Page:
Eco-label digital services.

Survey reveals nearly seven in ten Scandinavians want digital services to be ‘eco-labelled’ for sustainable clarity.

Nearly seven out of ten people in Sweden, Norway and Denmark, want to have eco-labelling of digital services according to a new survey commissioned by datacenter operator, DigiPlex.

Every time we stream a TV series, check social media or log in to our internet bank, a process starts in a datacenter that consumes energy and release CO2. Data centers and digital infrastructure are currently estimated to be responsible for three percent of global energy consumption and two percent of global CO2 emissions. Forecasts suggest this could rise to 5.5 percent of CO2 emissions within 5-10 years if unchecked.

The new research, conducted by Kantar/Sifo, shows that 66 percent of people in the Nordic region want to have eco-labelling of digital services. Even more, 69 percent, believe that it is important for digital services to have as little climate impact as possible.

“A large majority of Scandinavians want to be able to make sustainable decisions and reduce their climate impact – and this extends to their internet use.” reports Gisle M. Eckhoff, CEO at DigiPlex.

Not all data centers are the same, with newer, more efficient and more sustainable facilities having much lower carbon footprints. Eco-labelling would help consumers choose services that used more sustainable data centers, and force service providers to consider carefully the environmental impact of the location and operation of their data centers.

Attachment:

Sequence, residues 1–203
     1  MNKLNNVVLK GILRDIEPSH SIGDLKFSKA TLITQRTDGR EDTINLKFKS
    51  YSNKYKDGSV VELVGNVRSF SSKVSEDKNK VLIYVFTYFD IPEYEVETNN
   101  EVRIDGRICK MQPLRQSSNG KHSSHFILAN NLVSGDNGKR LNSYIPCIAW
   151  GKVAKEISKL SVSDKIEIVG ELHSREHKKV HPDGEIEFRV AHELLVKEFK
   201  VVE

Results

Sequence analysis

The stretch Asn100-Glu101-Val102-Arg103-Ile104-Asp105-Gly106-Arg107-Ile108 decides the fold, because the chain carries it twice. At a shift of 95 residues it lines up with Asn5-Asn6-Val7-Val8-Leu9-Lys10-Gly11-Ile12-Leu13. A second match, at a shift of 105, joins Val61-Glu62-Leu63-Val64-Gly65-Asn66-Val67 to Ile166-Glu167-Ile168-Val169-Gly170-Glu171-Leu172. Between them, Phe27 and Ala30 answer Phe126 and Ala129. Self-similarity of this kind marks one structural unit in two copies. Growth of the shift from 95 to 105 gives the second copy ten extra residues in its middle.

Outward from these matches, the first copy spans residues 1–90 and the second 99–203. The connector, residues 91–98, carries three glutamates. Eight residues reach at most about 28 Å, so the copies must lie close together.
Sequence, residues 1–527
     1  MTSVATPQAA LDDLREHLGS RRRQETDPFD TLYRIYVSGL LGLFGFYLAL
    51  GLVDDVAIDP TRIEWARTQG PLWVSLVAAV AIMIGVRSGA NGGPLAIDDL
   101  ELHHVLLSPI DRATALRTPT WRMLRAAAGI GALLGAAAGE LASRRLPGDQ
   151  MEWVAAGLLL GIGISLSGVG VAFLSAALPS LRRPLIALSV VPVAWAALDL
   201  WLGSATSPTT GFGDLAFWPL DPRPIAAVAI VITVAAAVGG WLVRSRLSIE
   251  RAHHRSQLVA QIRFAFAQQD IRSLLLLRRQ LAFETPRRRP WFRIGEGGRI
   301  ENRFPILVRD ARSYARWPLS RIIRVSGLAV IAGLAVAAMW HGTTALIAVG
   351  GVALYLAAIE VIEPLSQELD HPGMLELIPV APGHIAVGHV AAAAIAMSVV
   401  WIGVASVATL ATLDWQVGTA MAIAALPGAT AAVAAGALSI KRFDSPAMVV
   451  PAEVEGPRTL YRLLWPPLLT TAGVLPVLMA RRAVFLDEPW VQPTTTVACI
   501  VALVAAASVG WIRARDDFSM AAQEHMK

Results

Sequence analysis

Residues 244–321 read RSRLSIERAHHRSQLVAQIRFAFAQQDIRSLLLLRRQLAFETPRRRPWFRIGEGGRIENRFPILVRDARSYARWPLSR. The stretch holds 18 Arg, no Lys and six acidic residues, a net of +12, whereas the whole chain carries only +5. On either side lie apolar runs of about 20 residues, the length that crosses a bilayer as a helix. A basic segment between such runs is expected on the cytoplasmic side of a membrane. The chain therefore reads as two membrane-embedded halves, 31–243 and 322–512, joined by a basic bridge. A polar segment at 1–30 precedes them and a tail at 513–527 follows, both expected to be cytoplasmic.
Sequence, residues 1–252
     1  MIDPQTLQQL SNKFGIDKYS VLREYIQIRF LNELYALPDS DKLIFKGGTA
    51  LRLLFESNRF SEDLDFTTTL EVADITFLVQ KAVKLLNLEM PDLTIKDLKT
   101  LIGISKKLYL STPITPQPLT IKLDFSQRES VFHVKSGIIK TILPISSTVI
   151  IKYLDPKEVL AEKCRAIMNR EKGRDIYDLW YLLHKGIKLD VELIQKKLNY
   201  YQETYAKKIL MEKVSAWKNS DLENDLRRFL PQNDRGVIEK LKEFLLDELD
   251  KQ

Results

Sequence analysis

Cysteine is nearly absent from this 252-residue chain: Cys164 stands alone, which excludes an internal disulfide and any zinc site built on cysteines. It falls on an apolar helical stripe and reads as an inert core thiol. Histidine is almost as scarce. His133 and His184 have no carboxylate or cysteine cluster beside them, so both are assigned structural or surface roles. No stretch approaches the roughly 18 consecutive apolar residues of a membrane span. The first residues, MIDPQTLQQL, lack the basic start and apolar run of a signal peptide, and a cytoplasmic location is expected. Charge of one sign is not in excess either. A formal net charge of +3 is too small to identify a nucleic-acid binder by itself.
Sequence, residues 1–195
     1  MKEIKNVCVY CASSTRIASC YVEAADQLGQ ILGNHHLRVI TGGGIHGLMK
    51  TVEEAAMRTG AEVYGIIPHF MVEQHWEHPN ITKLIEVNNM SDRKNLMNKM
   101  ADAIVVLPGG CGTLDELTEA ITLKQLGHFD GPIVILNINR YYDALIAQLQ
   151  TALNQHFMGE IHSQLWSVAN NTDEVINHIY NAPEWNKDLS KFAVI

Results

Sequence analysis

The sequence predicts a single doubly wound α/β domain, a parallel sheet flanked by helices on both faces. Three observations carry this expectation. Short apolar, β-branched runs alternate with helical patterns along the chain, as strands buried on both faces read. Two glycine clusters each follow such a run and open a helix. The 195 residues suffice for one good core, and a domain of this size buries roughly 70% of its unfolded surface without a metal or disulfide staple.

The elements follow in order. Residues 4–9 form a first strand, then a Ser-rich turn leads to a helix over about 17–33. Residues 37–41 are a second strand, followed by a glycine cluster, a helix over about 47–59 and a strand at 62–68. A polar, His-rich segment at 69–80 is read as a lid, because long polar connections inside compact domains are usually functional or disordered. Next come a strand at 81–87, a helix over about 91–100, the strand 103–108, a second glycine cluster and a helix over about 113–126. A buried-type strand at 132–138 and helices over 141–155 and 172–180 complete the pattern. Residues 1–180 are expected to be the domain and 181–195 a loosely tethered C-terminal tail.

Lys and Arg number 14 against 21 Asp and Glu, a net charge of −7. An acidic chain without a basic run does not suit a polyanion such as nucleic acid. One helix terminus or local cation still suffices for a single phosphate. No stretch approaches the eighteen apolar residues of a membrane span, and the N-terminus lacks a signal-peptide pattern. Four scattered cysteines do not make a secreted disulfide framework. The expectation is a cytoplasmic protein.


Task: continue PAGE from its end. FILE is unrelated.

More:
“If you stream a film through a power hungry data center that gets its energy from brown coal it will indeed contribute to climate change. Today’s consumers increasingly want to make an active green choice when it comes to using various internet services. Currently they do not have the information to make informed decisions,” says Gisle M. Eckhoff, CEO at DigiPlex.

But, at the same time, only a quarter of Scandinavians, 26 percent, are willing to reduce their use of internet and digital services, even if this would mean lower contributions to climate change.

“Internet usage is a natural part of our everyday life that few can or want to give up. But, with eco-labelling consumers can put pressure on suppliers to ensure digital services are climate smart, energy efficient, use reusable energy and have minimal CO2 emissions. It is also no surprise that 70 percent want suppliers of digital services to report their energy usage and climate impact in, for example, their Annual Report,” says Gisle M. Eckhoff.